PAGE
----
Thursday, January 10, 2008

Yes, It was Genocide

Via, Sadly, No! we read about Eunice Wong's visit to the Smithsonian Museum of the American Indian, where she learns that playing down the genocide of Natives is all the rage. Having visited the museum I can attest to the truth of her impression, which is that the general extermination of the peoples who lived here before the European explorers/invaders arrived does not get the billing it probably should. That being said, I can tell you that there are many, many Natives who don't have a problem with this (at least not among the thousands who were there to participate in the festivities that accompanied the opening of the museum, which is when I was there.) Walking into a museum that focused more on extermination would be more like walking into the "Smithsonian Museum of Your Hundreds of Years of Defeat and Cultural Annihilation" which, frankly, isn't going to attract a lot of people descended from either the conquerers or the conquered. The museum serves to educate, but it also serves as an affirmation of the indigenous way of life both past and present. I think it succeeds remarkably well in that goal.

Unfortunately reading the bulk of the post over at Sadly, No! reminds a reader that there are many, many on the far-right these days who think-as many of their ancestors did-that the near extermination and enslaving of Native peoples was entirely legitimate behavior on the part of the European conquerers. I'm not exaggerating; read the posts Mencken links to. But I just can't carry Wong's story about the Smithsonian and all the right-wing pro-genocide posts as far as Mencken does and conclude that what we need is a "shitload of national guilt." I think if you asked the average man on the street what he though of the conquest of America, he'd tell you that the Natives generally got screwed and that it was wrong. It's wackos on the right, for whom America can do no wrong past, present or future and to whom appreciation of other cultures is an alien concept, who skew the message, and trust me, they would only react with further resentment and racist-motivated outrage. Now I do think that many Americans are extremely ignorant about modern Natives (being a Native really isn't a free ride to college, I promise) but the remedy for that is education about the present, not rubbing the past in their face. I'm definitely not someone who's into letting the present generation off the hook for the sins of the past (at least not until the Sioux and other tribes get both the land and the billions they're owed by the government.) It's just that in this case, I think our society does a pretty good job of teaching Americans of the present what really happened to the Natives of the past.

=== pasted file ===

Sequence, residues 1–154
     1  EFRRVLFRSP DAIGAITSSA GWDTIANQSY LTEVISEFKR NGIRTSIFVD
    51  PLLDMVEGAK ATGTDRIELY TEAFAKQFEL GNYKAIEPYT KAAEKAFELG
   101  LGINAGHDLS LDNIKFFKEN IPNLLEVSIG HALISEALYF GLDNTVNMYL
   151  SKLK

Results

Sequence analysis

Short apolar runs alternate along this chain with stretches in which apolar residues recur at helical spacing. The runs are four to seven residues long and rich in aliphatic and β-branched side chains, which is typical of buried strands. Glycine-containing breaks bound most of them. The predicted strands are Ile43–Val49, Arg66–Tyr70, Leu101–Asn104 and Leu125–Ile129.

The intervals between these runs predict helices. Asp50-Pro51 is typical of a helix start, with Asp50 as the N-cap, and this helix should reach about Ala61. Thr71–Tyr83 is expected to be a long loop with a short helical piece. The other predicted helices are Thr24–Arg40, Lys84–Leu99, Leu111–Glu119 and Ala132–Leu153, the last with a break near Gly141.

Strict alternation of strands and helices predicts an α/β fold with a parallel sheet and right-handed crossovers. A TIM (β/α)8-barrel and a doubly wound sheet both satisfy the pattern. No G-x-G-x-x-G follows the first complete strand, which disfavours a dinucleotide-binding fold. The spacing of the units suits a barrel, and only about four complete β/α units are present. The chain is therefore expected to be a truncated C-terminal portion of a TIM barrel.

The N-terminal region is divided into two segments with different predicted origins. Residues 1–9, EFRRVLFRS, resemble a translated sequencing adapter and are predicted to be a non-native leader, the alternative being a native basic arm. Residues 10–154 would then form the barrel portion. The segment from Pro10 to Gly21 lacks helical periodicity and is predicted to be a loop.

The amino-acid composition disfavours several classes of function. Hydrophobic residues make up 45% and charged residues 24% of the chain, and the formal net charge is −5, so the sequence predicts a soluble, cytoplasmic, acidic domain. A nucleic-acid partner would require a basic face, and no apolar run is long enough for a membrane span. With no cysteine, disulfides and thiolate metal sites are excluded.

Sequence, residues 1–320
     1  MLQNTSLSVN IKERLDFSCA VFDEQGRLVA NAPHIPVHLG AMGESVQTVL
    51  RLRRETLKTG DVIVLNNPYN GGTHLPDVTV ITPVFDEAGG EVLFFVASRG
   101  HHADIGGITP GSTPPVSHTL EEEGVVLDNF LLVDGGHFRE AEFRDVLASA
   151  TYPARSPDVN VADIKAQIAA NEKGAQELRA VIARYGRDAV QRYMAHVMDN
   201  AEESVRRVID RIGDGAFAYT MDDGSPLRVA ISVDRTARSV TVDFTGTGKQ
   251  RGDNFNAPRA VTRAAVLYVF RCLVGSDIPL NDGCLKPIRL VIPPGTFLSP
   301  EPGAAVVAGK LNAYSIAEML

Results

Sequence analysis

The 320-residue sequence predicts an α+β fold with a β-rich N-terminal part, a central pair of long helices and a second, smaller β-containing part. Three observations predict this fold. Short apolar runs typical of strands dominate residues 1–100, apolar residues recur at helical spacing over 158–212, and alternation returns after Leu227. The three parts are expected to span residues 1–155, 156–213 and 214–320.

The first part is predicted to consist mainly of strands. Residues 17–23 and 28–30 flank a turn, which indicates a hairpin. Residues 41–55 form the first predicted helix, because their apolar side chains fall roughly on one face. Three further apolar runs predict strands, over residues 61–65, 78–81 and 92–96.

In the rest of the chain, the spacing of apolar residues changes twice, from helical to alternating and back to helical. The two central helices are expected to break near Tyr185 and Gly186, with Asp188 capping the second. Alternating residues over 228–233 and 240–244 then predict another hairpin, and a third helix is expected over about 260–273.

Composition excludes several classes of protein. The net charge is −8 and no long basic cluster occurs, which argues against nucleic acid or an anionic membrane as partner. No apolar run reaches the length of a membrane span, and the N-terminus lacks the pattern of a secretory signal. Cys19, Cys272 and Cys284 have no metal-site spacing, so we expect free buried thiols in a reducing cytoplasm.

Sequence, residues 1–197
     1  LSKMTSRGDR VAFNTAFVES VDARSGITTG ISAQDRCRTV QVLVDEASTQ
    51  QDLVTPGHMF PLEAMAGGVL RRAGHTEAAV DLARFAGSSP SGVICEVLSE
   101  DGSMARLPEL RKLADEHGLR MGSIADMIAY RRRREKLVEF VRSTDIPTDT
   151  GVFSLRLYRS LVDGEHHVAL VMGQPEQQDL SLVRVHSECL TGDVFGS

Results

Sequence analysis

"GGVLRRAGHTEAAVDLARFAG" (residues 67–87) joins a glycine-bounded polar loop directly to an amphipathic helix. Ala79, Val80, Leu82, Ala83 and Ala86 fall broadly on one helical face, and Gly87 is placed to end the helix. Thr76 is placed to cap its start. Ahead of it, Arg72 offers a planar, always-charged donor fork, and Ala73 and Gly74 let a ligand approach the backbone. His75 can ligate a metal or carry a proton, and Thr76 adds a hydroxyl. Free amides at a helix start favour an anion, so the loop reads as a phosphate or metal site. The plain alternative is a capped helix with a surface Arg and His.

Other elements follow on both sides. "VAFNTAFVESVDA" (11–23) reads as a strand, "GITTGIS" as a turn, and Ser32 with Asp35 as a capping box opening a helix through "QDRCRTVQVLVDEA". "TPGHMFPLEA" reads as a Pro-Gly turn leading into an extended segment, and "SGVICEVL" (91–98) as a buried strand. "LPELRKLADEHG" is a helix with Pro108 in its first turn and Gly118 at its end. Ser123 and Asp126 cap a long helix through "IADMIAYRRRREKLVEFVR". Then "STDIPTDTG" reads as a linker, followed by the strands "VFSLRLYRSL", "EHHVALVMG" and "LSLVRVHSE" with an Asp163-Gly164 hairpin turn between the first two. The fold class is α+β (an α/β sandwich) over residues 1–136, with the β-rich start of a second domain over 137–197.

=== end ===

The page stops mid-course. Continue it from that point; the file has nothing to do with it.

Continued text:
Nat-Wu said...

Sadly there seems to be plenty of those wackos on the right who think that whatever bad stuff America did in its past is either heroic or shouldn't be held against it.

As far as the museum, it is largely put together by the tribes themselves. Most of us don't choose to focus on the genocides and exterminations of the past. The Cherokee will never forget the Trail of Tears, but if you ask the average Cherokee whether they'd rather have (non-Cherokee) people know about the Trail of Tears or the brand new Cherokee Nation casino, they'd probably vote for the casino!

As I've said many times before, recognizing that America has many past sins to atone for does not mean that we cannot take pride in our nation as it is. Slavery was horrible and African Americans still suffer under its legacy (or is someone going to get on here and argue that black people are poor because they're lazy?), but they have achieved suffrage and civil rights and right now, a man of color is a serious contender for President (Alan Keyes does not count). Sure, we have to remember the past, but we're living in the present and that's where we need to focus on making changes.

Andrew said...

Nat-Wu is right about focusing on now.

The genocide American's need to consider is West Papua, why has this genocide continued for 45 years? Why does GW Bush condone Indonesian Laskar Jihad and similar terrorist groups? And why did Bechtel in 2005 use its lobby to block Section 1115 asking questions about West Papua?

From Iraq to globalization, the U.S. economic and foreign policies have been tied to this little known Pacific island since 1936...